As a little girl, my father was my instructor. In Massachusetts, you need to obtain a teaching license before you can teach lessons. After falling in love with horses shortly after I did, my dad studied for the license exams and was certified to teach! How many kids get that experience? Instead of having to plead with my parents to go to the barn, he was already there. He took lessons too so he could teach me and my brother current information and appropriate skills.
Some people would think this is a recipe for disaster. Frankly, it was at some points but my father knew and knows me better than anyone. He came up with lesson plans that were tailored to my needs, to how I learned best. They were tailored to combat my knack of making up excuses for why I can’t do something. And he put up with absolutely none of my nonsense (let’s face it, there’s a lot of that).
I’m a chatterbox. My mouth runs away with me before I even realize I’m along for the ride. I’d want to know why I had to hold the egg on my plastic spoon while I trotted. I would need to tell him that there was something on the ground that I was staring at; no, I wasn’t just looking down. I needed to tell elaborate stories regarding why I was nervous to jump that itty-bitty vertical. Couldn’t he see that the 18″ vertical was terribly tall for my little pony?
“Two eyes, two ears, one mouth,” He’d tell me, “Do you know what I mean by that?” I’d heard this before. It was my father’s gentle way of saying “hush” without actually saying the word. So naturally, I’d sigh and nod. But he’d explain anyway, telling me to “Be quiet, open your eyes and ears. Your pony will not run away with you. She can jump this high.”
While I’m a chatterbox regularly, I’m very quick to open my mouth when I’m nervous. And as I’m pretty high strung, before I knew how to handle my anxiety I’d open my mouth a lot. It’s easy to think you know better when you’re nervous; it’s easy to let your nerves suggest you don’t listen to your instructor. That rude little voice that speaks up when you’re facing a new type of jump, when you’re facing a longer cross country course than you’re used to… You know the one I mean. That voice finds itself taking over me sometimes.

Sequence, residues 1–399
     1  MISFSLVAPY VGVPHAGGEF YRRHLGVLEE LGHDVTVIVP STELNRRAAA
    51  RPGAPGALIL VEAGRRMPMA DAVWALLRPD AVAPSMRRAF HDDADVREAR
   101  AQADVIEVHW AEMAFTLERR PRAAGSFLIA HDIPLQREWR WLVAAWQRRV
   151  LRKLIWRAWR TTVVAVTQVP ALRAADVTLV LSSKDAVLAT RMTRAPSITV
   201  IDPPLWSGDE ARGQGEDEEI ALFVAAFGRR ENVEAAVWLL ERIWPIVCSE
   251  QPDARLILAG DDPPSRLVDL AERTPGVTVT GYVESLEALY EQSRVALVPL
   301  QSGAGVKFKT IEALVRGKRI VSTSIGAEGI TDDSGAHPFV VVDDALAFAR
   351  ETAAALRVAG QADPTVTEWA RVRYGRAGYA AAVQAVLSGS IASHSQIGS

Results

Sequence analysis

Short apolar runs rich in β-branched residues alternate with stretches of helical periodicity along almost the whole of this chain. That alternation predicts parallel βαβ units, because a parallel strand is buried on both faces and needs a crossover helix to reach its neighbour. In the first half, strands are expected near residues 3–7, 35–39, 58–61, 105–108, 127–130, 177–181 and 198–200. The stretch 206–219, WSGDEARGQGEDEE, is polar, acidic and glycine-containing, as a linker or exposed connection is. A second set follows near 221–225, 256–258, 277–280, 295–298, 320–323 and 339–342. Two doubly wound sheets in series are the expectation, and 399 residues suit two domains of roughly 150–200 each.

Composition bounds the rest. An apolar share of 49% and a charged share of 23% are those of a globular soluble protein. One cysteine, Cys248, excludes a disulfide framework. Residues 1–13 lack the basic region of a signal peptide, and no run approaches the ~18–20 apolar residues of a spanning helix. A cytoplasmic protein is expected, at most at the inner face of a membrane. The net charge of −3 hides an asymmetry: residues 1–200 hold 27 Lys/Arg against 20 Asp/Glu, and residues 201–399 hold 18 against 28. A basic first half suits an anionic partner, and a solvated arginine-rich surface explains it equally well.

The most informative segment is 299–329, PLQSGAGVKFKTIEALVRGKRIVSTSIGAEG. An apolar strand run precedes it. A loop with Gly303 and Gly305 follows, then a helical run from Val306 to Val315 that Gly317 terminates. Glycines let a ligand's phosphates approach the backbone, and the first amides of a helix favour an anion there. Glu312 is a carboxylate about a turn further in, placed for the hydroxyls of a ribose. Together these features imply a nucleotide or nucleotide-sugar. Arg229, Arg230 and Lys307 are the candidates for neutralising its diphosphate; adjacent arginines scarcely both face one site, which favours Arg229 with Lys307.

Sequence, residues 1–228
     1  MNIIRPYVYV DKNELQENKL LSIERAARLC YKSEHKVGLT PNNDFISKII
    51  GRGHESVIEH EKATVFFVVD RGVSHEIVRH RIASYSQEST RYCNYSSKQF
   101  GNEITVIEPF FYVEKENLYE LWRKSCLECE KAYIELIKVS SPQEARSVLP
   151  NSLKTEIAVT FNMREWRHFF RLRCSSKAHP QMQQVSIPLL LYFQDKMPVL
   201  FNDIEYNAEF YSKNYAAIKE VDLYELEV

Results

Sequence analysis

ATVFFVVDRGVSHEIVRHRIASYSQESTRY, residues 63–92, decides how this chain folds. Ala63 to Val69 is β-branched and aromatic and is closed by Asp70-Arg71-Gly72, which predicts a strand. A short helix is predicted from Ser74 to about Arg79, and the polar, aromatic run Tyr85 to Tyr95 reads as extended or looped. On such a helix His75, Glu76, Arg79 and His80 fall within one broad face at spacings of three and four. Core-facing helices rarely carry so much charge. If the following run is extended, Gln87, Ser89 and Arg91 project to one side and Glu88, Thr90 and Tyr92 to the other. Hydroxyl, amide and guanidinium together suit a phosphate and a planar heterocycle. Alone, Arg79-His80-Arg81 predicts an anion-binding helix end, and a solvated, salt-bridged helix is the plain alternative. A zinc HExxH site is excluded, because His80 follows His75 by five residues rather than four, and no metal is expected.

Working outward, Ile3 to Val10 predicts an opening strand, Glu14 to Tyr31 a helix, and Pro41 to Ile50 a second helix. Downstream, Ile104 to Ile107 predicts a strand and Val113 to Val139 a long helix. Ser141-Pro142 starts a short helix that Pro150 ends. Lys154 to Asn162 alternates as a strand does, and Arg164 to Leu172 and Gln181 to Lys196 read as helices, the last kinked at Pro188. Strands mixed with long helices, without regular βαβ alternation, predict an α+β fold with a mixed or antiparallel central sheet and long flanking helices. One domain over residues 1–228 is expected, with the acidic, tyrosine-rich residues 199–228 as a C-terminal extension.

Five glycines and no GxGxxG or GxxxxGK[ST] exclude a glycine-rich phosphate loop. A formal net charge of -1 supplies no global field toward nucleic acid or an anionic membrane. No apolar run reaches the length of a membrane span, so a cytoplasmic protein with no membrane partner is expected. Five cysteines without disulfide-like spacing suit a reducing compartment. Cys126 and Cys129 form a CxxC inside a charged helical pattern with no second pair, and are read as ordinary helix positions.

“Rebecca,” my trainer admonished, calling me into the center of the ring after I’d told her I couldn’t make my mare, Bella, bend. “You’re making excuses instead of focusing your energy on making a change on the horse beneath you. Shut your mouth, sit up, and ride.” Truer words haven’t been spoken, and it hit me that she was right. Frustrated and feeling inadequate, I offered all kinds of explanations for why I hadn’t relaxed. I was so focused on what was going wrong that I forgot to ride.
If I trusted her wisdom and her knowledge, Bella would have been encouraged to bend better. She might have sighed and melted like butter around my inside leg, but instead I fought her because I was frustrated and worried I wasn’t doing enough to promote good training.
I took a deep breath, loosened my reins some because I tend to choke up when I’m frustrated, and tried to channel my trainer’s words. Bella even stretched her neck down through the next turn. What do you know, it worked.
And for the record, that little pony cleared the 18″ vertical like she was a short stirrup champion. The dirt was still the same color, even if I didn’t stare at it during the entire ride. The horse went better when I rode quietly.
Even so, years after someone told me to be quiet and ride, I remember that riding doesn’t take explanations. It doesn’t take excuses. Riding well only takes effort and a willingness to listen, grow, and trust.